Great idea for some people…cookies you cannot eat! And great family fun!
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Last year before Christmas, we had lots of fun making these ornaments. We started with a basic recipe and after a few trial runs developed our own method to get the best result.
Most bakers will have the ingredients already in their pantry and it’s a fun and low budget way to personalize a gift or add decorations to your Christmas tree. The leaf shapes are also great for autumn decorations.
Anyway, endless possibilities limited only by your own creativity!
Ingredients for the Cookie Cutter Dough
275 g baking soda
65 g cornstarch
180 g water
Making the Ornaments
Start by sifting the baking soda and the cornstarch. Add the water and stir until you have a smooth milky paste. Gently warm it over low heat, all the while stirring with a spatula. You will see the paste thicken fairly quickly. Keep stirring and churning so all the liquid is absorbed and the paste is now very thick, the consistency resembling potato mash. At this stage it will automatically form into a ball of very white ‘dough’. Transfer the ball to a bowl, cover with clingfilm so no moisture can escape and leave to cool completely.
With a rolling pin, roll out the dough to a thickness of about 3 mm / 0.12 inches. Take your favorite cookie cutters and press them in the dough. Now very carefully wiggle them ever so slightly, then lift the cutter out of the dough. At this point you can also make a perforation in the ornament so you can hang them on a piece of string or baker’s twine when ready. This is also the time to stamp the ornaments with a cookie stamp or make patterns any other creative way you want to.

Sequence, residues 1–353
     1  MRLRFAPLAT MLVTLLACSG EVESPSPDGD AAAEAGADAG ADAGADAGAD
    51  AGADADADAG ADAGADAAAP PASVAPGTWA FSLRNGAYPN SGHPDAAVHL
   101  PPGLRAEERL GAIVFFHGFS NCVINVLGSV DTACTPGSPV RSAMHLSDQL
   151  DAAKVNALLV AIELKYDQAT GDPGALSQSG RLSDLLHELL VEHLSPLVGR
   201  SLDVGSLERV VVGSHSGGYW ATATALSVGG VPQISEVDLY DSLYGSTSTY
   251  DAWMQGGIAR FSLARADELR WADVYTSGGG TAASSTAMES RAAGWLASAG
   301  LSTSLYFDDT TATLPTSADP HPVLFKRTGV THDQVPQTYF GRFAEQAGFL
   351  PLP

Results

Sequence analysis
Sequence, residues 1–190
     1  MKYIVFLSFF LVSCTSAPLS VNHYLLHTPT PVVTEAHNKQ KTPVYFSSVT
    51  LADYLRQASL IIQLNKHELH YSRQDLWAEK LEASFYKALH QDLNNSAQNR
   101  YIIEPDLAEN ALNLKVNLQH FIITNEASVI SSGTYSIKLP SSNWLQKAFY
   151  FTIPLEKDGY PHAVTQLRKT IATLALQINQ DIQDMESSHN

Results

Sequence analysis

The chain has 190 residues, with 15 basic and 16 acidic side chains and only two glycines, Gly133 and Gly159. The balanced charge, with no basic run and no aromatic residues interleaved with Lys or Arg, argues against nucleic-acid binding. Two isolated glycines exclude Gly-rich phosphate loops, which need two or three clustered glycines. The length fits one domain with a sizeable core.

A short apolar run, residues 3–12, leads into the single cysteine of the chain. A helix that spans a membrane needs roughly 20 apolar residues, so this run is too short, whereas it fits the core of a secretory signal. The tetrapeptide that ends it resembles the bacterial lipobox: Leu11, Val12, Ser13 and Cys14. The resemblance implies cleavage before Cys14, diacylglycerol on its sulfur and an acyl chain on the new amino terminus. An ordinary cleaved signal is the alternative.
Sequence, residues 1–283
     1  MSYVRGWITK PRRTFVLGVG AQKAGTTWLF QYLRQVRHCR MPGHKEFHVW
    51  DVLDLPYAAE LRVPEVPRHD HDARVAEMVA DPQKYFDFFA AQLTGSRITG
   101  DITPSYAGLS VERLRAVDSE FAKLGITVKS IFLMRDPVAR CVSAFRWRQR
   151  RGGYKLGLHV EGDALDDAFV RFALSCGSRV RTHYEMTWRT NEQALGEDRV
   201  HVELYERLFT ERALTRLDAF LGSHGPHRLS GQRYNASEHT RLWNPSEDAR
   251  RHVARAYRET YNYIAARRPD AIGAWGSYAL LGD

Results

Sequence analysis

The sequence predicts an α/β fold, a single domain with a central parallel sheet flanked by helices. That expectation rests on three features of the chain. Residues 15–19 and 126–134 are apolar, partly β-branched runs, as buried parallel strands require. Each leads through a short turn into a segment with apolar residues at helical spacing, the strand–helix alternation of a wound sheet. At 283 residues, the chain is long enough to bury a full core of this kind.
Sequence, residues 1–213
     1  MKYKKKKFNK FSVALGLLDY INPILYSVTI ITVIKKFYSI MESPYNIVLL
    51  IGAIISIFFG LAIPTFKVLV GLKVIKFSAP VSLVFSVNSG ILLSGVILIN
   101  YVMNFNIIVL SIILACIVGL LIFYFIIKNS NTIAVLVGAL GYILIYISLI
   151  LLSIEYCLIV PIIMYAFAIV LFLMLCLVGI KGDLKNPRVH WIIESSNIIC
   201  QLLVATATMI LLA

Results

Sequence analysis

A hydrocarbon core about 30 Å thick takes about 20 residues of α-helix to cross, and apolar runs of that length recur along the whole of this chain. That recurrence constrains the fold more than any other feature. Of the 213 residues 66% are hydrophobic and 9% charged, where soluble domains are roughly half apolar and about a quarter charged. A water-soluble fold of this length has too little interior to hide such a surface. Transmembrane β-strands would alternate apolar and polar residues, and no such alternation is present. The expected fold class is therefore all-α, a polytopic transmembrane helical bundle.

Now for the important part!: Leave the cut out shapes in the dough, do not try and remove them at this point. The idea is you leave the shapes to dry out for 1 to 2 days. They will shrink and are easily removed that way, without damage. You just have to be patient.
After you have removed and freed the shapes you have to allow them to dry further. The total drying process can take up to around 4 days, depending on your internal climate and moisture levels. You also have to turn them occasionally so they will dry evenly on both sides. You can place them on a rack, but be careful to do this when they are firm enough to prevent any imprint of the rack on the shapes.
Alternatively you can dry the cookie cutter shapes in an oven set at a very low temperature of around 50ºC / 120ºF. The drying will of course go a lot quicker but there is a good chance they will become off-white in color instead of the perfect pristine white you see in these pics. Be sure to flip the shapes a few times to prevent them from warping.
Some of them might warp or crack a bit anyway, but if you are careful and give them time to dry completely, they end up quite hard and not that easy to break.
When dry you can also paint them or coat them with a clear varnish. We like them snow white and plain (as artisan bread bakers we are not the ultimate decorating types we have to confess). No doubt kids will have fun decorating them of course. Use non-toxic watercolor paint for example.
In our Weekend Bakery Shop you can also find our own favorite and original cookie cutters, all made from high quality stainless steel.